Philippine labor

Central Visayas wage board approves P33 daily minimum wage increase

John Sitchon

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Central Visayas wage board approves P33 daily minimum wage increase

Progressive groups gather at Metro Colon in Cebu City to protest, ahead of Marcos’ second State of the Nation Address, on July 24, 2023.

Jacqueline Hernandez/Rappler

The Central Visayas wage board attributed the increase to 3 petitions filed before their office that cited increasing cost of basic goods and commodities

CEBU, Philippines – The Regional Tripartite Wages and Productivity Board in Central Visayas (RTWPB VII) announced on Wednesday, September 13, that a uniform increase of P33 for all minimum wage earners in private establishments in the region has been granted.

Pursuant to the Omnibus Rules on Minimum Wage Determination, the agency submitted the wage order to the National Wages and Productivity Commission (NWPC) on September 6. 

The NWPC affirmed the wage order on September 12. The said order will take effect on October 1 or 15 days after being published in a newspaper of general circulation on September 15.

The previously set daily minimum wage in Central Visayas was P435 for non-agricultural workers and P425 for agricultural workers in Class A cities such as Cebu City, Lapu-Lapu City, and Mandaue City.

The new daily minimum wage for Class A cities in the region is P468 for non-agricultural workers and P458 for agricultural workers.

For Class B or cities not covered under Class A, the daily minimum wage is P430 for non-agricultural workers and P425 for agricultural workers. 

In Class C or municipalities not covered under Class A and B, the minimum wage is P420 for non-agricultural workers and P415 for agricultural workers.

Page, Text, Chart
WAGE HIKE. The new rates for the daily minimum wage in Central Visayas translate to a range of 7.6% to 8.6% increase from the previous rates. Table from RTWPB Central Visayas

The Central Visayas wage board said in a press release sent to Rappler that the increase would benefit about 346, 946 minimum wage earners and that 399, 572 workers earning above minimum wage may “indirectly benefit” from the increase.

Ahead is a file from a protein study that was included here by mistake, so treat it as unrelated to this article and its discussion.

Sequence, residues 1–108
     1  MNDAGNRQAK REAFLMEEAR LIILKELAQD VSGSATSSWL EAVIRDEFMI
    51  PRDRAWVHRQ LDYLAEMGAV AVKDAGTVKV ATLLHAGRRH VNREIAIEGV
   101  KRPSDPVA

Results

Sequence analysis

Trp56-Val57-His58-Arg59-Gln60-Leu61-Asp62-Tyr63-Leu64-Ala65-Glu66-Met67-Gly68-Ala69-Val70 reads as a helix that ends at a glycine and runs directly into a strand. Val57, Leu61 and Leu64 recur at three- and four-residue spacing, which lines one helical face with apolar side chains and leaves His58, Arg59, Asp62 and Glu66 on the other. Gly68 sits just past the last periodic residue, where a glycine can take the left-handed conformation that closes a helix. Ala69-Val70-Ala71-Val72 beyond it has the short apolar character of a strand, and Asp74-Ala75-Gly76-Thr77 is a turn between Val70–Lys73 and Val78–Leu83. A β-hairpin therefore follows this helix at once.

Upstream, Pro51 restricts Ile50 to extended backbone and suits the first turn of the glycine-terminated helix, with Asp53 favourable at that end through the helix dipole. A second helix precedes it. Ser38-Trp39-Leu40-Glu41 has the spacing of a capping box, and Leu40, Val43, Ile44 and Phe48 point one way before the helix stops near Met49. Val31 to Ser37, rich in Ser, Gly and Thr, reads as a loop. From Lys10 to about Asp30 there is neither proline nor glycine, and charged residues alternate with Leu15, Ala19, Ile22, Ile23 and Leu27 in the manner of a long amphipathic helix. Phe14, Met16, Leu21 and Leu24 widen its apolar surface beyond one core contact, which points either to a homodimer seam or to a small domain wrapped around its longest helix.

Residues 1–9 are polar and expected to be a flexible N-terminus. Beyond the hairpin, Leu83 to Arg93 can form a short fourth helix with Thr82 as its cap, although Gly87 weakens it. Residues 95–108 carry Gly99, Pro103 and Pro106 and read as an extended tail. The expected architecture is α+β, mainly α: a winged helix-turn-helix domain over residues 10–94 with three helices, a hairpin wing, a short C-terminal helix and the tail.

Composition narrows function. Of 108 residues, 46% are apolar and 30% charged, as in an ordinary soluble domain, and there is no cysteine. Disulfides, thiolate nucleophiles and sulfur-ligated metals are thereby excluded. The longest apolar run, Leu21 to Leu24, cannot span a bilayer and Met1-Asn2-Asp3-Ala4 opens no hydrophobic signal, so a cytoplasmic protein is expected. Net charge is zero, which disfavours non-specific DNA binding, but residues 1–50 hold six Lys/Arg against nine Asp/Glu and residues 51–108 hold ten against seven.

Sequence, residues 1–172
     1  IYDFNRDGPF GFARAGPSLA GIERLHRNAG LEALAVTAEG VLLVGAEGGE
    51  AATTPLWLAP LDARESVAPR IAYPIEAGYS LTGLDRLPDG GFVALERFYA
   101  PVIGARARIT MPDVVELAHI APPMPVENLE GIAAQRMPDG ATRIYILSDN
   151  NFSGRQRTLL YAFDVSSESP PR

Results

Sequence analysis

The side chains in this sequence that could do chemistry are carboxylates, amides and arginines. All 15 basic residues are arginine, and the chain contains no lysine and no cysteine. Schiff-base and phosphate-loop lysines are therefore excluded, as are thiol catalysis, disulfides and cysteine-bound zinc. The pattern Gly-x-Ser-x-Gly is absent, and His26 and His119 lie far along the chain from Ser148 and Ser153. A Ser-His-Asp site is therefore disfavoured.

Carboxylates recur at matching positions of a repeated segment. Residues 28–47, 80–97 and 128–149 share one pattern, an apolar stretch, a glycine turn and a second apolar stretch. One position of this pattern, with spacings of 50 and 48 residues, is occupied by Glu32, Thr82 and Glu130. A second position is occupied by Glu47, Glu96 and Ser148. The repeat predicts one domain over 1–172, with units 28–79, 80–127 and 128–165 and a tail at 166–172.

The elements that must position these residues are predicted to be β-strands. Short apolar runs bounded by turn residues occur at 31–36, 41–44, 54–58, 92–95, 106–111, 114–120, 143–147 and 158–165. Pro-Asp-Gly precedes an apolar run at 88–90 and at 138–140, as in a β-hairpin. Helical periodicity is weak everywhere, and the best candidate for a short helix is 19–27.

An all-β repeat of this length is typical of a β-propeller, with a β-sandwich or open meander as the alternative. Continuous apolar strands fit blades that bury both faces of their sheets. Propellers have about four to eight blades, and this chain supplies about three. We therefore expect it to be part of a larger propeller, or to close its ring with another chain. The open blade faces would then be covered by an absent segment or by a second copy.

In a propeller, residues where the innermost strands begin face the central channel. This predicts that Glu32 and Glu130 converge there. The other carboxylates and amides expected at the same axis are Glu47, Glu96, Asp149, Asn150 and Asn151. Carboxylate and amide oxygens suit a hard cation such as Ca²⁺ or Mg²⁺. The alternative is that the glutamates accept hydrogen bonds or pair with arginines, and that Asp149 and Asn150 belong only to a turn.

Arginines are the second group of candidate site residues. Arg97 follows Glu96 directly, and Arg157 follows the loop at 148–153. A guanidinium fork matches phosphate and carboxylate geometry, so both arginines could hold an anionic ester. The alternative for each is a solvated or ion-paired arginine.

They explained that upward adjustments are expected to be made for workers at the enterprise level due to the corrections of the wage distortion.

Still not enough

The Partido Manggagawa (PM) and Sentro ng mga Nagkakaisa at Progresibong Manggagawa (SENTRO) said in a press release sent to Rappler that the P33 wage increase failed to meet the principal demands for wage recovery and the living wage of the petitioners in the region which amount to P100 per day.

Di ni kapalit bisag usa ka kilo ng bugas matag adlaw. Dili ni kabawi sa nagpadayon nga pag us-os sa balor sa among sweldo sa rehiyon,” PM Cebu spokesman Dennis Derige said.

(This can’t even buy even just one kilo of rice per day. This won’t compensate for the ongoing decline of the value of our wages in the region.)

To recall, on April 27, labor groups converged at the Central Visayas office of the Department of Labor and Employment (DOLE) to file a petition for a P100 wage hike.

At the time, Teody Navea, chairperson of Bukluran ng Manggagawang Pilipino (BMP) in Cebu told Rappler that the petitioned hike would only be a temporary solution to the decreasing value of wages for workers in the region, as their original calls have always been for a P750 daily minimum wage.

Lawmakers from the Makabayan bloc filed House Bill 7568 on March 13 in order to establish a national wage of P750 for all workers in the private sector.

In 2022, labor leaders called the Metro Manila and Western Visayas wage board’s approval of a P33-wage increase “a pittance and woefully inadequate”. 

Calculating the hike

According to the RTWPB VII, the increase resulted from 3 petitions that were filed before their office. The same petitions cited the increasing cost of basic goods and commodities as a basis for the wage hike.

The Central Visayas wage board added that in determining the exact amount of the increase, they considered the wage determination criteria provided under Republic Act 6727 or the Wage Rationalization Act and held a series of public hearings.

The hearings were held in Cebu on July 26 and August 1, in Bohol on August 10, and in Dumaguete on August 11.

The deliberations for the wage increase were then conducted on August 29, September 2 and September 5. –

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